It is Thursday night of “Passion Week.” We all know that Christ died on Friday and rose on Sunday, but what happened on Thursday night? He washed His disciples’ feet. He taught His disciples in the Upper Room. He transformed the Passover meal into “The Lord’s Supper” commemorating His death. He cried out to the Father in the Garden of Gethsemane until He sweat drops of blood. He was betrayed with a kiss. He was arrested. And He knocked a large detachment of Roman soldiers to the ground with His word.
The beloved Apostle, moved by the Holy Spirit, remembered that night: “So Judas, having procured a band of soldiers and some officers from the chief priests and the Pharisees, went there with lanterns and torches and weapons. Then Jesus, knowing all that would happen to Him, came forward and said to them, ‘Whom do you seek?’ They answered him, ‘Jesus of Nazareth.’ Jesus said to them, ‘I am He.’ Judas, who betrayed him, was standing with them. When Jesus said to them, ‘I am he,’ they drew back and fell to the ground.” (John 18:3-6)
Judas, along with the religious leaders, had organized a detachment of soldiers to come and arrest Jesus in the garden. The word translated “band” of soldiers in the ESV is a “cohort” of Roman soldiers that would normally number 600 men. However, depending on the circumstances it could be up to 1,000 or as little as 200. Given that there were extra Roman soldiers on duty for the Passover Feast, as well as the fact that the other Gospels indicate that there were others besides the soldiers in the crowd who carried clubs, it is no exaggeration to say that there was a minimum of 300 men there that night if not the full 1,000 given Jesus’ popularity just a few days before on “Palm Sunday.” This would be at least 15 times more armed men than are in the picture at the top of this post.
Jesus decimated them by simply answering “I am” to their question. These trained killers fell to the ground at the word of our Savior!
It is mind-boggling how some commentators will try to explain away this profound moment before Jesus was arrested. It is another display of His authority before He would let them arrest Him, and we are reminded once again that He is the incarnate God before He humbles Himself to the point of death on a cross. Before His greatest humility, He once again displayed His power. Yet some will say things such as that they fell down because they expected to find a meek peasant and instead were met in the dim light by a majestic person. Ludicrous. Others say that those in the front were startled when Jesus appeared out of the shadows, which in turn knocked down those behind them like dominoes. Nonsense. Roman soldiers were highly trained and had taken over much of the world. They battled against the most powerful armies on earth and often won. They did not easily spook and fall down like children when somebody emerged from a dark garden that was now lit up with their torches. But, they did fall down when Jesus said “I am.” As John MacArthur explains, “All Jesus had to do was speak His name–the name of God–and His enemies were rendered helpless.” (The MacArthur New Testament Commentary, John 12-21, p. 308)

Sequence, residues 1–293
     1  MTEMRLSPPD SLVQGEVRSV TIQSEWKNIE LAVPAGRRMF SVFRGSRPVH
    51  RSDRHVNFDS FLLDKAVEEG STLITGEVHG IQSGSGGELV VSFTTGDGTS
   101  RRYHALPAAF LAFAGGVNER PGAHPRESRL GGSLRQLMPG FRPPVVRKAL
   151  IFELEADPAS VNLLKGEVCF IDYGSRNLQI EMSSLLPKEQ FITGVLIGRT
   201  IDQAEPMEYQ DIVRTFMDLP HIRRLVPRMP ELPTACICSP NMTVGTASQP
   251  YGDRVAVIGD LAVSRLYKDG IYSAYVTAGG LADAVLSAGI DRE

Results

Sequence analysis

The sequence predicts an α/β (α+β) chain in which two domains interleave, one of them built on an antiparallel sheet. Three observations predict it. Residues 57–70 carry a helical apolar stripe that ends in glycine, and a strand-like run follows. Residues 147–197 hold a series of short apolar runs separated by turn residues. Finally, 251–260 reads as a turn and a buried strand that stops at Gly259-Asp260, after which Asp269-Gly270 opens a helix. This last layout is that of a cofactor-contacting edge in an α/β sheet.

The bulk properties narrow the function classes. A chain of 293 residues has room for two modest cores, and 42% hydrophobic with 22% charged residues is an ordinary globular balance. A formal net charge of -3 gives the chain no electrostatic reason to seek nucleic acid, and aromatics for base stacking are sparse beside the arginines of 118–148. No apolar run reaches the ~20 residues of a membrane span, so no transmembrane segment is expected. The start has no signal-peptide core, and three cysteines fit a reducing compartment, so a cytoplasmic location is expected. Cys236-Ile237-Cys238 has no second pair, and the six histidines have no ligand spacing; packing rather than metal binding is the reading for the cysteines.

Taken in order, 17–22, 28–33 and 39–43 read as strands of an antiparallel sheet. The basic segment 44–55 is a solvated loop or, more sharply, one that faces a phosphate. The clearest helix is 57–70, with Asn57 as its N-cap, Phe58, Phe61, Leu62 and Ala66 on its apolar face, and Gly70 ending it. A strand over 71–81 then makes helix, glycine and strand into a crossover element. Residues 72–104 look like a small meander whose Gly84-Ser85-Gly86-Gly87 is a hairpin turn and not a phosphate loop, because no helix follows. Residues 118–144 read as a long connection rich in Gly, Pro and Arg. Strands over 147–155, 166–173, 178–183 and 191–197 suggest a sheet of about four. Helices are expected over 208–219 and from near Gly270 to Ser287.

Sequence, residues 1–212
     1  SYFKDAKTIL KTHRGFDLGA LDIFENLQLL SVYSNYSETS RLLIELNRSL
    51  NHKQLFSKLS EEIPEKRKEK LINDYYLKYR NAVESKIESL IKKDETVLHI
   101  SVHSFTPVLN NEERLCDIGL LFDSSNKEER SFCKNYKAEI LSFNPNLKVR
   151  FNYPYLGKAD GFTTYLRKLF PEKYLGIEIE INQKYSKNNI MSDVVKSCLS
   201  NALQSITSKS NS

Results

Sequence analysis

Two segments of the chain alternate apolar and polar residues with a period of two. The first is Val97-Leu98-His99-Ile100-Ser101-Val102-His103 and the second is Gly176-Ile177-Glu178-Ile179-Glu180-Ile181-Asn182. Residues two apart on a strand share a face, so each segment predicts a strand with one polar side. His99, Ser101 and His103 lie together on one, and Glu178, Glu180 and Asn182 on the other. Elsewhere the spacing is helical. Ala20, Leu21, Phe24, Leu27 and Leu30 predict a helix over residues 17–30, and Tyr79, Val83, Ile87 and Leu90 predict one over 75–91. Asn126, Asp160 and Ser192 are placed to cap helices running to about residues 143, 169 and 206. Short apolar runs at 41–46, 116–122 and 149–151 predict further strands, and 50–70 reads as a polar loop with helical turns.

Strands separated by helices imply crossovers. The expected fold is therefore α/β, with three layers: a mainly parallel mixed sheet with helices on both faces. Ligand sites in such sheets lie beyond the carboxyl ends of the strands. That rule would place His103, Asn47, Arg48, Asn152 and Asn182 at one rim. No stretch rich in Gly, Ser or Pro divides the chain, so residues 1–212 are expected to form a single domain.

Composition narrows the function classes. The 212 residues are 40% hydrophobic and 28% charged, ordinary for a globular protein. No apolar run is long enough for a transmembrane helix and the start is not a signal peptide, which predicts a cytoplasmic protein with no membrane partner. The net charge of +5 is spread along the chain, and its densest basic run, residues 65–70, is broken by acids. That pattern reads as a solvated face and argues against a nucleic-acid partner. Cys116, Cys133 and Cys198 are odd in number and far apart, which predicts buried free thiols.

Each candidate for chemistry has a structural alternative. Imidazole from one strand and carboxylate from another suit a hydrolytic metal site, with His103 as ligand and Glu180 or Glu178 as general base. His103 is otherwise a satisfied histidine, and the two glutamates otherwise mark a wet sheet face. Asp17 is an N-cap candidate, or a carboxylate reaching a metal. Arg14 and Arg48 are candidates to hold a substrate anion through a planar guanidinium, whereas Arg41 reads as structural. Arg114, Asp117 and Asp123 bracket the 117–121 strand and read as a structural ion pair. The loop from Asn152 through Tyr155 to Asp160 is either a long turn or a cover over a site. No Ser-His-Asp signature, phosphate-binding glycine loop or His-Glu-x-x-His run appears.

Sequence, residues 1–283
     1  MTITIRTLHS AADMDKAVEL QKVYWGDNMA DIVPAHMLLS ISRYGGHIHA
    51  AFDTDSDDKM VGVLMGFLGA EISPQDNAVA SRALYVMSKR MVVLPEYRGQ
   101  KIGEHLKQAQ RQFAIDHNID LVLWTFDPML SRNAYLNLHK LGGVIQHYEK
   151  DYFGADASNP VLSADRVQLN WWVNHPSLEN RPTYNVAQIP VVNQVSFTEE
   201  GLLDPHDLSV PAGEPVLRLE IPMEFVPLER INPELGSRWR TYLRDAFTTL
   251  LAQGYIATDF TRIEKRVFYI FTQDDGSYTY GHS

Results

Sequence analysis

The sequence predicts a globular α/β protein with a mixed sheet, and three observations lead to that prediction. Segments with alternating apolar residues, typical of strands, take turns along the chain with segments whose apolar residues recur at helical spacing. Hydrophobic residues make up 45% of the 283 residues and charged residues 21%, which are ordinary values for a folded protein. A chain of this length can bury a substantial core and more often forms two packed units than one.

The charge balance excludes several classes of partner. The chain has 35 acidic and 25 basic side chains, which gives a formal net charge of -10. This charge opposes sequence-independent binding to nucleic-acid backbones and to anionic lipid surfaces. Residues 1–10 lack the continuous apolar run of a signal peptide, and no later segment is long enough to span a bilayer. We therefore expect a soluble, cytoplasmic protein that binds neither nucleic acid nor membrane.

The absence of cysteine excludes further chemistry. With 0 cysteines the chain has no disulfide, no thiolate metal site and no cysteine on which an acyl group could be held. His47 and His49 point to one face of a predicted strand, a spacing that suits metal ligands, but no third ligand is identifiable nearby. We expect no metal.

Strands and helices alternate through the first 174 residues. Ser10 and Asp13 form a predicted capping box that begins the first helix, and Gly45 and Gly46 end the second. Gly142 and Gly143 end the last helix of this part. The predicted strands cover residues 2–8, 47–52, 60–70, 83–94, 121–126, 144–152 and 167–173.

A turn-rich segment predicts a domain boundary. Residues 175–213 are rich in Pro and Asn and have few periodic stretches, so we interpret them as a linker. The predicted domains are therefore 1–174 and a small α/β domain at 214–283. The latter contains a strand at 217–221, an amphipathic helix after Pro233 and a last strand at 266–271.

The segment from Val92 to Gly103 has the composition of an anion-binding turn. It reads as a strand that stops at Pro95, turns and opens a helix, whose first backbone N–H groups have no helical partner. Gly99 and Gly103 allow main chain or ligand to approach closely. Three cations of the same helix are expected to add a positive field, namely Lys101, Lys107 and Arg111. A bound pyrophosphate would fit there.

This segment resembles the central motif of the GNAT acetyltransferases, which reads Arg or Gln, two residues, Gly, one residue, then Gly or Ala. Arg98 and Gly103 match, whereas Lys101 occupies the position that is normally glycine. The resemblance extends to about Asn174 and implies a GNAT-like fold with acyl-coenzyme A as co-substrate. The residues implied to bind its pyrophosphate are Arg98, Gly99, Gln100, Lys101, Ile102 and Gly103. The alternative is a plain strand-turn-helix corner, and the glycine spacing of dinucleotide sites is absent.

It is no wonder Peter was emboldened to cut off the ear of the slave of the high priest! Christ quickly reminded Peter right in front of the soldiers that if He wanted to, He could ask the Father to send 72,000 angels that He could then command (Matt. 26:53). What was a detachment of Roman soldiers compared to His power?
This was a foretaste of Christ as sovereign LORD even though the cross was looming on the horizon. The same Apostle John who wrote the Gospel of John later saw Christ exalted and described Him: “…from His mouth came a sharp two-edged sword, and His face was like the sun shining in full strength. When I saw him, I fell at His feet as though dead. But He laid His right hand on me, saying, ‘Fear not, I am the first and the last, and the living one. I died, and behold I am alive forevermore, and I have the keys of Death and Hades.‘” (John 18:16-18)
Just as He laid His hand on John to show His grace, how He loves you and me! That He would place Himself into the hands of these soldiers to obey the will of the Father, to be crushed on the cross as He paid the awful and incomprehensible price of sin when He could have stopped it all in an instant, with a word, needs to move us!
Even when they fell down at His word, the soldiers in the garden that night didn’t recognize Him as God. But it may have contributed to God’s work in some of their hearts as later some soldiers would believe in Christ as the Son of God and Savior even at the foot of the cross the next day. As you celebrate Good Friday and then Resurrection Sunday, remember that our King was not a victim of an evil plan (although it was evil, Acts 2:23), but rather the triumphant Victor of the Plan that had been made before the foundation of the world (Acts 2:23). Thank You Jesus for Your power, and thank You for Your grace!